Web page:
BULKhead Deceiver Step 1
Attach a long, sparse tail of bucktail to the rear of the hook. Trap the fibers in a loose noose of two or three thread wraps and, by tightening and loosening the noose, manipulate the fibers so that they surround the shank 360 degrees.
BULKhead Deceiver Step 2
Using the same technique as the tail, attach two or three more collars of bucktail along the shank. Make each collar progressively shorter and denser as you build the midsection and shoulders of the fly, and fill the shank to about the two-thirds point.
BULKhead Deceiver Step 3
Snip a fairly sizable bundle of hair from the base fibers near the bottom of the bucktail. This hair is more hollow and thicker than the material used earlier. Trap the hair in a noose of thread wraps, leaving about an inch of the butt fibers facing forward. Distribute the hair around the shank and pull down hard, flaring the butt fibers as you would when spinning deer body hair, but hold the bundle in place so that it does not spin on the shank.
BULKhead Deceiver Step 4
Shorten some of the innermost fibers with a handful of scissor snips in the center of the forward-facing butt fibers. The goal is to have a well-proportioned cone when the butt fibers are forced back toward the rear of the fly.
BULKhead Deceiver Step 5
Using a straw, hair-packing tool, bullethead tool, or even an empty pen casing, push the forward-facing butt fibers back to the rear of the shank, and build a dam of thread in front to keep them angled backward. The technique is similar to Popovics’s Hollow Fleye method, except you reverse the direction of the short, hollow butts rather than the tapered ends of the bucktail.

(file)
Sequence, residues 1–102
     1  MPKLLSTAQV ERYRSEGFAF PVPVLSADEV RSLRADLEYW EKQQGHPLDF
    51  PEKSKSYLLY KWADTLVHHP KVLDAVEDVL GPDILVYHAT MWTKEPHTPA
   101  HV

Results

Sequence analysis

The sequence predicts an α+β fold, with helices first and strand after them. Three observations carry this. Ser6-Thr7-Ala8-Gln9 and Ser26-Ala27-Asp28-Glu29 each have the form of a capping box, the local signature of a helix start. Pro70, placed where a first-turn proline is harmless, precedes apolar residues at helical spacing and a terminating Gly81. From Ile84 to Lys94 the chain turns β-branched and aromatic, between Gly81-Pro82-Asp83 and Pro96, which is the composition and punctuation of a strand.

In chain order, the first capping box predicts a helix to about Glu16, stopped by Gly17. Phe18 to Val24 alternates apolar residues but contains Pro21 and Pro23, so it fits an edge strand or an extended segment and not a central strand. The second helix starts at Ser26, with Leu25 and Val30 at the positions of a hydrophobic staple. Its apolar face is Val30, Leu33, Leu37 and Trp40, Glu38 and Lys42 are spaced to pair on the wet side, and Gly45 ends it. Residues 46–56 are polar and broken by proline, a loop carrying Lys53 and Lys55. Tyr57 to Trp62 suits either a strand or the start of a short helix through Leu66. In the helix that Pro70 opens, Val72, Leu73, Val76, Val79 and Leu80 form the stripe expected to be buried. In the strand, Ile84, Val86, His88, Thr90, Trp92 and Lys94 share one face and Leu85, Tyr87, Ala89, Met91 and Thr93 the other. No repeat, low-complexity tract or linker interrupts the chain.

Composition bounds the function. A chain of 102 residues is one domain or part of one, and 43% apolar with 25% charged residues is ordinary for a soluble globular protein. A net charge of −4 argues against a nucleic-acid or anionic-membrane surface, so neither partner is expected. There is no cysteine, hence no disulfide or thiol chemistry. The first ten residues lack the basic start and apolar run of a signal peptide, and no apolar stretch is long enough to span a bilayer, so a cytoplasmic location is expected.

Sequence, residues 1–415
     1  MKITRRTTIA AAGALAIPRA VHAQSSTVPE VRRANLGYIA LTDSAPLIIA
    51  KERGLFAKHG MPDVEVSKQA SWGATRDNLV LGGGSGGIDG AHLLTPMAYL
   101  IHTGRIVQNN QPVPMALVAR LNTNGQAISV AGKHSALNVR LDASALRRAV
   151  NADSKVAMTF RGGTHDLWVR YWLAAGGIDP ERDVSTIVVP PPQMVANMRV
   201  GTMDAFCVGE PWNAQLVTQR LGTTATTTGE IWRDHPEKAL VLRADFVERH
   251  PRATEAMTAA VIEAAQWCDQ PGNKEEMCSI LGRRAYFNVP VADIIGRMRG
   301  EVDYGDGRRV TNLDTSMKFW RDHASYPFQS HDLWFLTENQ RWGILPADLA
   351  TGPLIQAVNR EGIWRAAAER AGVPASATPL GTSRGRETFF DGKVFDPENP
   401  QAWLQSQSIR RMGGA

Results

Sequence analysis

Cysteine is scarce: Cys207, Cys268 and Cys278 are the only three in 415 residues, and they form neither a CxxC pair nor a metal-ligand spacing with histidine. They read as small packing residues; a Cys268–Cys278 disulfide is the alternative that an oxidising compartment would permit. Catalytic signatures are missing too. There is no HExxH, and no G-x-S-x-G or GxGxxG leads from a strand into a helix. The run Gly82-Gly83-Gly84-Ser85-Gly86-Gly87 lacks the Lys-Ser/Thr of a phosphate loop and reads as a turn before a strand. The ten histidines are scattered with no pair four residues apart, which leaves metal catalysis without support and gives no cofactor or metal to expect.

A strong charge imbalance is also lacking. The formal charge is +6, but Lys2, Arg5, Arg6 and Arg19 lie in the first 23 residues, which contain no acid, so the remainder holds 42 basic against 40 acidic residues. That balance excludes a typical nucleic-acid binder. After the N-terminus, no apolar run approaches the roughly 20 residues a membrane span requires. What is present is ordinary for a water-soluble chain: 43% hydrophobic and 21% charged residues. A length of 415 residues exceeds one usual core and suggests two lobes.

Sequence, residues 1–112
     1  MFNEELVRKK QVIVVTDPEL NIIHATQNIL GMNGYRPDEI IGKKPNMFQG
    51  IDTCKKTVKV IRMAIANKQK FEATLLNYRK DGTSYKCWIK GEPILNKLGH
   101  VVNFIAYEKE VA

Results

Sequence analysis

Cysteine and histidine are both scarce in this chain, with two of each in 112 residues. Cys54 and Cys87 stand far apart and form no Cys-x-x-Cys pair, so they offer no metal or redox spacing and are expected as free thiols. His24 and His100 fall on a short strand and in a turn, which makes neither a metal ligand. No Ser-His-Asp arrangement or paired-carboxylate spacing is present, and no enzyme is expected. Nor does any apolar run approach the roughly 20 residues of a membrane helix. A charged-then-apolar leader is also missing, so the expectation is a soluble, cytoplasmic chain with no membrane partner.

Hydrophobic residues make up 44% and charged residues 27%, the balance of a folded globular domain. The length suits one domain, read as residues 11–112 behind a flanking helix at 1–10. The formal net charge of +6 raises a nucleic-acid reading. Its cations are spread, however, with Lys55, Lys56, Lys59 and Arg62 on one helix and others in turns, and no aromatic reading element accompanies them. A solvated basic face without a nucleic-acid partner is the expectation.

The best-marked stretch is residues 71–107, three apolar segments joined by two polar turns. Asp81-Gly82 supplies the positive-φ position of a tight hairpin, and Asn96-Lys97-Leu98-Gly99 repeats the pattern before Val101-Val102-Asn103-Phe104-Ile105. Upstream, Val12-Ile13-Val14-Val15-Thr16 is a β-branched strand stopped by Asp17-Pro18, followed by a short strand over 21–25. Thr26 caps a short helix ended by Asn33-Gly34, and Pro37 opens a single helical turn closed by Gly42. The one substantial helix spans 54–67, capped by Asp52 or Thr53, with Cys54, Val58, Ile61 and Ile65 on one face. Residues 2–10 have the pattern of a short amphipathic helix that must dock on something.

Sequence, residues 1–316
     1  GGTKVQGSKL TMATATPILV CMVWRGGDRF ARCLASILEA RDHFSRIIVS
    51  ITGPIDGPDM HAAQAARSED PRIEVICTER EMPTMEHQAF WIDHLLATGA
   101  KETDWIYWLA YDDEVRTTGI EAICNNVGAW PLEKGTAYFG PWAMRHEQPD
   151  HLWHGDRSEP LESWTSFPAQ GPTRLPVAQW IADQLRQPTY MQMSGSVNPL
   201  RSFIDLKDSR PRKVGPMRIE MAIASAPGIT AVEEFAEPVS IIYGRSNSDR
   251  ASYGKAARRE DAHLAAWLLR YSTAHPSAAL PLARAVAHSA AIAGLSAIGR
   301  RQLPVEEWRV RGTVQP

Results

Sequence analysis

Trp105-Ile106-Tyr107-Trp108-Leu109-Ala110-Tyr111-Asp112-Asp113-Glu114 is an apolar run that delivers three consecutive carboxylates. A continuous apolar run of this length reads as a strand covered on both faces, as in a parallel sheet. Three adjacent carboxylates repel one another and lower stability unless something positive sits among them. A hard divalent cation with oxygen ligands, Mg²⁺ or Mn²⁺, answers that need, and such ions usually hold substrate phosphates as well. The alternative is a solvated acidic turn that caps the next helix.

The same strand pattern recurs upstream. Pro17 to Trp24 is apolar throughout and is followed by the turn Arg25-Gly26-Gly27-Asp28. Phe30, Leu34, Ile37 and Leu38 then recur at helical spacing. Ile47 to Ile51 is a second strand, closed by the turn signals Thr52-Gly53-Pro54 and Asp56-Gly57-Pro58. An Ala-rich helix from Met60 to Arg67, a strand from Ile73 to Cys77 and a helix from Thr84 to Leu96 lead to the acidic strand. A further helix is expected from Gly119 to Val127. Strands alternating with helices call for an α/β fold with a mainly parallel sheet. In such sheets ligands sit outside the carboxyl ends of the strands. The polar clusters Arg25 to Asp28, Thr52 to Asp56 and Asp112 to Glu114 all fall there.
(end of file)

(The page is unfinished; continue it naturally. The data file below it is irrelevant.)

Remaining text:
BULKhead Deceiver Step 6
Using the same technique as above, tie in a shorter, dense collar of bucktail base fibers, trim the inner butt fibers, and post them back with another conical dam of thread wraps. Using a contrasting pink color helps establish a subtle cheek hue for the fly.
BULKhead Deceiver Step 7
Repeat the same process with a final collar of base fibers trapped with thread right at the hook eye. There is no need to leave room for the thread wraps at the eye when cinching down this final collar. The process of posting back the butt fibers will locate all the necessary wraps immediately behind the eye for a neat head with no unsightly “beak.”
BULKhead Deceiver Step 8
Dip the fly in water and then tightly hold down the tapered ends of the front three collars, exposing the errant butts. Trim these fibers to angle gently down to the eye of the hook, creating an even, rounded, or conical head, depending upon what shape you want.
BULKhead Deceiver Step 9
When the fibers dry, snip out any errant hairs to complete tapering the head. The process is similar to trimming a spun-hair bug, but since the hair at the head of the fly includes both tapered and butt ends, take care to trim mostly the butts, leaving the tapered ends to complete the smooth profile of the fly.
BULKhead Deceiver Step 10
The finished fly has a rounded head and a deep top-to-bottom profile, and transitions smoothly to the back of the fly with no interruption. This particular fly is flared widely, similar to a bunker or other wide-bodied baitfish, but posting the butt fibers back at a sharper angle or trimming more radically can yield a slimmer mullet shape.